• Blood Magic: Different types of blood are used in many wizard spells. One example is the dragon blood, which is used in some powerful spells and is pretty expensive. Some spells need even more exotic kinds of blood, such as, for example, blood of a gelded dragon. Unusual in that there's no moral stigma associated with this, and there (usually) no Human Sacrifice involved: if a wizard needs blood of a virgin, for example, he just pays a virgin to donate the blood.
  • Color-Coded for Your Convenience: Red kilts are apparently restricted to the military, and blue ones for sailors.
  • Deal with the Devil: Practically the entire modus operandi of Demonology. The demonologists summon demons to perform needed tasks and pay them with, for example, animal sacrifices. Due to the treacherous nature of demons demonology is a dangerous business: it is stated that sometimes demonologists just disappear...
  • Deus ex Machina: Literally - when the demonologists of the Empire started summoning demons to use on the battlefield, it violated the pact between Heavens and Hells, and gods themselves counterattacked, winning the war overnight. That also renewed the pact and allowed only theurgists and demonologists to use holy/demonic magic.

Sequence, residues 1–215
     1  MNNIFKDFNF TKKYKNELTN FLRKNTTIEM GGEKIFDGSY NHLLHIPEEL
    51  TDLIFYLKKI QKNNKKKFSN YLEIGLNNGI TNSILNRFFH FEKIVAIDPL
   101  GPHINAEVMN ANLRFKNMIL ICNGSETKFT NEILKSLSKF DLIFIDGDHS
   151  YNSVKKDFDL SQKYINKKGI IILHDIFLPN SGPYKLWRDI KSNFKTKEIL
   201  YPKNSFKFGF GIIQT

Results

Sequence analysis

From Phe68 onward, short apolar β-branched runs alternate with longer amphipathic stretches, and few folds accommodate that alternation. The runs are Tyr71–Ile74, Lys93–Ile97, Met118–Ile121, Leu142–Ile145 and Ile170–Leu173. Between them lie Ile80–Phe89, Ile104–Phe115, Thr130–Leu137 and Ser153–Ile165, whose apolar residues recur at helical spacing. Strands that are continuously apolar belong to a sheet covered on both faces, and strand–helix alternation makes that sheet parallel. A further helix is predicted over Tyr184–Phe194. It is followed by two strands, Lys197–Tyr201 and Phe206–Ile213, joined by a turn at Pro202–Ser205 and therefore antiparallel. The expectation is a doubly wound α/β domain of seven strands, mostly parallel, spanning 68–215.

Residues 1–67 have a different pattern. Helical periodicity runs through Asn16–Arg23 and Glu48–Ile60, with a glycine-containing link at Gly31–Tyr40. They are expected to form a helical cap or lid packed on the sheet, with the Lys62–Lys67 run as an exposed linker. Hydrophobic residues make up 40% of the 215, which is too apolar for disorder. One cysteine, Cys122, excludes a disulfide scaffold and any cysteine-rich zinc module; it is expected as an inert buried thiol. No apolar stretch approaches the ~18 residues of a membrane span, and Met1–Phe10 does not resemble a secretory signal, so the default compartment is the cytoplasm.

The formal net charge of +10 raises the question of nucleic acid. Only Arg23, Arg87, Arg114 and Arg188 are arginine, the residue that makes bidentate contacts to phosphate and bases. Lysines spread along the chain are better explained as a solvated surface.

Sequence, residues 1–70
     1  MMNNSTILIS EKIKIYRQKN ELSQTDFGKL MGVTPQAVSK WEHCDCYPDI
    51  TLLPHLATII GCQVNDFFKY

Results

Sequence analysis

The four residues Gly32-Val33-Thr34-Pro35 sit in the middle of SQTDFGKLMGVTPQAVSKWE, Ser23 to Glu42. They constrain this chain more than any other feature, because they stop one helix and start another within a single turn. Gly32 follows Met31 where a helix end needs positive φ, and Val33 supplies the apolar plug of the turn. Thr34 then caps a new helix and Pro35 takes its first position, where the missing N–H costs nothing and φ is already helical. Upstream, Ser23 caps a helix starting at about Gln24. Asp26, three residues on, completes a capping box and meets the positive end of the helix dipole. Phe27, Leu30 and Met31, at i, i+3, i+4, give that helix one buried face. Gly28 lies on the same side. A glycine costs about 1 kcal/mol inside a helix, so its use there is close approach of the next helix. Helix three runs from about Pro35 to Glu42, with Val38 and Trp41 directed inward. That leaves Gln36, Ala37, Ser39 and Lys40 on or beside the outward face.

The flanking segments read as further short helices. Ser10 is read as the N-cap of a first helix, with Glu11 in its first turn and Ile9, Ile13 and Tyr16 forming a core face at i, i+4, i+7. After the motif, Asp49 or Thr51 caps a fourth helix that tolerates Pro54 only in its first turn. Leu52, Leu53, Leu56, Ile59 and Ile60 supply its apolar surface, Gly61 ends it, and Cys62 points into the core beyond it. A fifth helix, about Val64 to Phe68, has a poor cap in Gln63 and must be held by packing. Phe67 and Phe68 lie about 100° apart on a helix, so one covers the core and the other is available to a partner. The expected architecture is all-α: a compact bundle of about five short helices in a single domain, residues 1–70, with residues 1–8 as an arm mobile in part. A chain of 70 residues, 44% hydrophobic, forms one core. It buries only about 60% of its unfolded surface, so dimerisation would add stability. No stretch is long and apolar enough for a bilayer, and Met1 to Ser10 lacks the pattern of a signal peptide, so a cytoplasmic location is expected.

• The Empath: One of the effects of witches' magic.
  • Engagement Challenge: Played with in With a Single Spell where the erstwhile dragon-slayers were promised a bag of gold and a princess for defeating the dragon. Upon returning successfully, one of the heroes tries to refuse the princess and take the gold - only to find that it's a package deal. There are too many princesses and the gold is her dowry.
  • Expospeak Gag: Wizards can get answers to yes-or-no questions by using the Spell of the Eighth Sphere, which makes runes appear in a black crystal globe. In other words, a Magic 8 Ball.
  • Eye of Newt: Wizardry uses ingredients like this — a raindrop caught in midair, for example, or the blood of an unborn child. There's even an expert — a man named Gresh — who looks for such things and supplies them to wizards for a living.
  • Flat World: The entire world is said to be the end-cap of a cylinder.
  • From Nobody to Nightmare: Many warlocks went from zero to powerful magicians during single night, aptly named the Night of Madness. Later, moderately-powerful warlock Vond attunes to a new Source of warlockry and becomes virtually unstoppable.
  • Having a Blast: Thrindle's Combustion usually just ignites something flammable, but add it to fire and you get an explosion.
  • Hooker with a Heart of Gold: Rudhira the warlock, Fiery Redhead and former streetwalker.